Posts Tagged ‘aquatic ecology’

Monday, November 21, 2016

Water Scorpions: Underwater Assassins

brown water scorpionRecently, my daughter participated in Odyssey of the Mind, a creative problem solving competition devoted to ingenuity and team work. As an entomologist, I was thrilled to learn that the program calls its highest award the Ranatra fusca. Not only was the award named for an insect, but an aquatic insect, and a particularly fascinating one to boot.

Ranatra fusca is the Latin name for a water scorpion, a creature little known to the general public but familiar to those of us who wield nets in ponds. This insect bears only a passing resemblance to real scorpions (which are arachnids, not insects). It does sport what looks like a prominent tail (more about that later), but lacks any sort of stinger. It can, however, be quite lethal… if you happen to be an aquatic insect, tadpole, or even a small fish. » Continue Reading.


Thursday, July 30, 2015

The Impact of Stormwater on Adirondack Streams

Roaring Brook Falls 2014 by John WarrenIn peaceful streams, aquatic macroinvertebrates such as crayfish, stoneflies, and caddisflies travel over and under submerged rocks, foraging for other invertebrates, leaves, and algae. When rain falls, their world turns upside down. At first only the surface is disturbed, but before long, runoff reaches the stream and increases its flow many fold. Silt and sand blast every exposed rock surface. At peak flow, boulders are propelled downstream by powerful currents.

How do small creatures survive such crushing chaos? They hunker down. Water-filled nooks and crannies extend deep below streambeds and far beyond river banks. These deep interstices provide a safe haven even while turbulent water pulverizes the riverbed, comparable to a storm cellar in a tornado. » Continue Reading.


Wednesday, June 24, 2015

EPA: Climate Change Destroying Trout, Salmon Fisheries

Fly fishing on the Ausable in Wilmington (John Warren photo)The Adirondack Park’s trout and salmon fishing would likely disappear by 2100 without global action to counteract climate warming according to a new report by the U.S. Environmental Protection Agency (EPA). EPA’s study concludes global action to reduce greenhouse gas emissions would save 70 percent of Adirondack trout and salmon from extinction.  The EPA report also predicts widespread damage to other cold-water fisheries, public health, clean water, electricity grids, roads and bridges, forestry, agriculture and coastal communities.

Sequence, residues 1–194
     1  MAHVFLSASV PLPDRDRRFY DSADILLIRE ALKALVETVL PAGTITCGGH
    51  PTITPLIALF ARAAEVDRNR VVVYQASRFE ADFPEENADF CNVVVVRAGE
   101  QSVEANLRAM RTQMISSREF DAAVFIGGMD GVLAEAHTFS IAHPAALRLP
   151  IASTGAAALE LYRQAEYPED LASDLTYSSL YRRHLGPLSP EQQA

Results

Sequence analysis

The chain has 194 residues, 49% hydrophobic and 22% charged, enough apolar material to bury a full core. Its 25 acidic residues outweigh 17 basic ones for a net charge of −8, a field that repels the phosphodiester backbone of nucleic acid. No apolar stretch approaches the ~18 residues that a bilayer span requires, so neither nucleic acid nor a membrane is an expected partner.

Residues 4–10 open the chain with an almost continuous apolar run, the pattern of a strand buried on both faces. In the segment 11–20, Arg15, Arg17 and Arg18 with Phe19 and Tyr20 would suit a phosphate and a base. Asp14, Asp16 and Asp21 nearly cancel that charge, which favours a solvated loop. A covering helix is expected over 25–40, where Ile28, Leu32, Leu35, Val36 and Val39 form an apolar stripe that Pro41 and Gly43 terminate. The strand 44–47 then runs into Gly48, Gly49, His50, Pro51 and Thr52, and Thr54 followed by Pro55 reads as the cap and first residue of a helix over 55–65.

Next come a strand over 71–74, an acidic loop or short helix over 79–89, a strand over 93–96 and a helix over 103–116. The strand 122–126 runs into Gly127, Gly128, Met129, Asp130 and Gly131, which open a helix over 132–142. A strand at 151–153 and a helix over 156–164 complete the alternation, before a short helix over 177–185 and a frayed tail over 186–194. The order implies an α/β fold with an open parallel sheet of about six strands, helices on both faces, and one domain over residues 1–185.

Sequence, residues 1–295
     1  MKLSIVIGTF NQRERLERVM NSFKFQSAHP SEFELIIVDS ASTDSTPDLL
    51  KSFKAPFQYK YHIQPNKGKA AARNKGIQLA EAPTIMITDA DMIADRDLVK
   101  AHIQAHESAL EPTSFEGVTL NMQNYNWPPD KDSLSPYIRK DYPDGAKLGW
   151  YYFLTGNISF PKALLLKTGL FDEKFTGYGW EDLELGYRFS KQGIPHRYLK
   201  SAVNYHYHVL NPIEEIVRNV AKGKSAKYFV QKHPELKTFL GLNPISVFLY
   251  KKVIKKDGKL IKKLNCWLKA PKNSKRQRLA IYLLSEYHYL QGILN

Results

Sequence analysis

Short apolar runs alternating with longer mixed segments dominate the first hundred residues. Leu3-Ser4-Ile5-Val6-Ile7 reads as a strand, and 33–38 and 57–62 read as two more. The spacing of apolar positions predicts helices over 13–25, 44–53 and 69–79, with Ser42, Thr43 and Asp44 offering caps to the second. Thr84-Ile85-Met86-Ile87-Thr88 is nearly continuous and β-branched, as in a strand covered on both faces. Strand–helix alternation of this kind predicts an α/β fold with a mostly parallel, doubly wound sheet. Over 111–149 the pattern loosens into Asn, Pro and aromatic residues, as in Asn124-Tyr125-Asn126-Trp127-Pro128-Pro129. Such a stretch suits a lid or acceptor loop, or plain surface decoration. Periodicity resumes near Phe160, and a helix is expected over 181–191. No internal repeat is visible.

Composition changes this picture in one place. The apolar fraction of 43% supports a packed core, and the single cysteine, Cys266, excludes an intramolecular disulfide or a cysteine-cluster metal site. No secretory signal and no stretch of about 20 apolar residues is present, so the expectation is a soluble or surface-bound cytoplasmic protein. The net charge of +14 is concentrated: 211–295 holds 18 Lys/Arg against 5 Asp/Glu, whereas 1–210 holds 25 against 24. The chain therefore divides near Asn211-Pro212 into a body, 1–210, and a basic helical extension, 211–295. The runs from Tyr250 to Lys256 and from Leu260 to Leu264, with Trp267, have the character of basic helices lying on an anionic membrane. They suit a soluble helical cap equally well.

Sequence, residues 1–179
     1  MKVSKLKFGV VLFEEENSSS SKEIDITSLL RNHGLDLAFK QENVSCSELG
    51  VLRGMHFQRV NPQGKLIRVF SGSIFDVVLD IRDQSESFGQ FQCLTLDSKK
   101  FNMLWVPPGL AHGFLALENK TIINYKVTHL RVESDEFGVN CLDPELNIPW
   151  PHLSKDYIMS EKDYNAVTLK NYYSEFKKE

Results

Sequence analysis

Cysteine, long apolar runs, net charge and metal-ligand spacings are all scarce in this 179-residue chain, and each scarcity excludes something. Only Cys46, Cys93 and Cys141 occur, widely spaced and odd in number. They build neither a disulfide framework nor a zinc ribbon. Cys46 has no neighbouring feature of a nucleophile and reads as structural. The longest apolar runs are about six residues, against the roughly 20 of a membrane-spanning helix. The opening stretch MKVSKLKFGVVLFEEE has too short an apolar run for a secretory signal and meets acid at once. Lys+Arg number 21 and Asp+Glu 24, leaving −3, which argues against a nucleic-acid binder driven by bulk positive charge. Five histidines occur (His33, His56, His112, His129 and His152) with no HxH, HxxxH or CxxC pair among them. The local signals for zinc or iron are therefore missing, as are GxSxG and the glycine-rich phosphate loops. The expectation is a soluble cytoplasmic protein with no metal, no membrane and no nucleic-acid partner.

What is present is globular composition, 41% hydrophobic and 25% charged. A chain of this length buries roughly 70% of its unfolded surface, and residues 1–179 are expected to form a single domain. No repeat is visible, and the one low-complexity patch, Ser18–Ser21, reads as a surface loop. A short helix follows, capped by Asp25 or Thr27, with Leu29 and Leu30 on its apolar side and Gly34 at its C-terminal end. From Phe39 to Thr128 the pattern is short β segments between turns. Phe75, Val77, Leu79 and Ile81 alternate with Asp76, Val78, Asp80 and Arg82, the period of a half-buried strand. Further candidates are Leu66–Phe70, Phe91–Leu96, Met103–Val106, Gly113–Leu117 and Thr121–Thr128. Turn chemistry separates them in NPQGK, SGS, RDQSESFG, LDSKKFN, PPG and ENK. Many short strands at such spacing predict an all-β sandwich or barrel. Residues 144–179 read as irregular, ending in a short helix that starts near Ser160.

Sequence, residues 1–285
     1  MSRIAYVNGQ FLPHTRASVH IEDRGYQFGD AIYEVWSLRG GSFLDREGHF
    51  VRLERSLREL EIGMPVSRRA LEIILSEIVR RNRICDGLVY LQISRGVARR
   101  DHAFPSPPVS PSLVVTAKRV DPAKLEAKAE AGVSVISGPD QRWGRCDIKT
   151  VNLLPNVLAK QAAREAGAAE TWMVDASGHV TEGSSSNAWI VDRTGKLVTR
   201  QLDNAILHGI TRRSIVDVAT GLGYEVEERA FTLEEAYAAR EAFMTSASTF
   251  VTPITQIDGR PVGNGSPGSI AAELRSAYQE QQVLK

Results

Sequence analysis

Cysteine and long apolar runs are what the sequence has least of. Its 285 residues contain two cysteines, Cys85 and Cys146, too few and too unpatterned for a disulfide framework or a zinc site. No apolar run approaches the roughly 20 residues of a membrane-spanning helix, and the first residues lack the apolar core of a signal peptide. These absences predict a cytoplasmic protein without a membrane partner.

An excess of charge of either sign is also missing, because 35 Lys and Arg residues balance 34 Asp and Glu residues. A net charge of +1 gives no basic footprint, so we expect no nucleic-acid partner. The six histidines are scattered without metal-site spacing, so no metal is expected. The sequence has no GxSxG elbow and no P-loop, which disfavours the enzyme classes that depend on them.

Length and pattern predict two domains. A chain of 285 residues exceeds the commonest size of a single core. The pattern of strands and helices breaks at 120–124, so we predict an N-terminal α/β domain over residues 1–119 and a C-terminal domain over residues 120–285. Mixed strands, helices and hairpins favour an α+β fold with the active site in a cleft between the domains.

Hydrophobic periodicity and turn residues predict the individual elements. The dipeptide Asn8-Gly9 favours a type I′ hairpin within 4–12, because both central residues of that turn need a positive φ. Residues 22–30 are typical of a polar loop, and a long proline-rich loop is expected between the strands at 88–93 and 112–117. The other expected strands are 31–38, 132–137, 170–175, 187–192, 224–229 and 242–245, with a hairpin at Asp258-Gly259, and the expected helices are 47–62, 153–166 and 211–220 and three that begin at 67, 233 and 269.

The EPA’s report is titled Climate Change in the U.S.: Benefits of Global Action is a summary of the Climate Change Impacts and Risks Analysis (CIRA) project, a peer-reviewed study.  It compares impacts in a future with significant global action on climate change to a future in which current greenhouse gas emissions continue to rise. » Continue Reading.


Monday, March 23, 2015

Teen Aquatic Stewardship Program Announced

Ausable Image by Brendan WiltseThe Adirondack Mountain Club (ADK) and the Ausable River Association (AsRA) have announced a new aquatic stewardship program for teens this summer.

Discovering the Ausable: An Aquatic Stewardship Program is a free five-day, four-night adventure in camping and aquatic stewardship for teens age 14-17. » Continue Reading.


Monday, December 15, 2014

New Report Considers Future Of Lake Trout

Spawning-Lake-troutSince the retreat of the glaciers, lake trout (Salvelinus namaycush) have been the top native predator in Adirondack waters. These northern fish require true cold (less than 55°F) and move downward when surface waters warm in late spring and summer. Consequently, they are isolated to the largest and deepest Adirondack lakes – most of them deeper than 30 feet – where they stay in the dark chilly depths all summer and early fall. The species name namaycush is believed to be an Algonquin term for “dweller of the deep.”

This need for very cold, clean, high-oxygen water can bring to light otherwise invisible changes beneath the surface. Water quality in the Adirondack interior, where we don’t have much industry or farming, can be  abstract. You usually can’t see it, touch it or even taste it. But lake trout make the health of our coldest lakes real and tangible. » Continue Reading.


Tuesday, September 30, 2014

Lake George’s Native Mussels Get Attention

lg1Zebra Mussels and Asian clams receive so much attention that little is left for Lake George’s native mussels, which are as beneficial to the lake as the invasives are destructive.

Increasing awareness of the natives’ value and the potential threats to their survival is a mission of  Dr. Dan Marelli, a Florida biologist whose expertise has made him a valued collaborator of the Darrin Fresh Water Institute whenever mollusks enter the picture.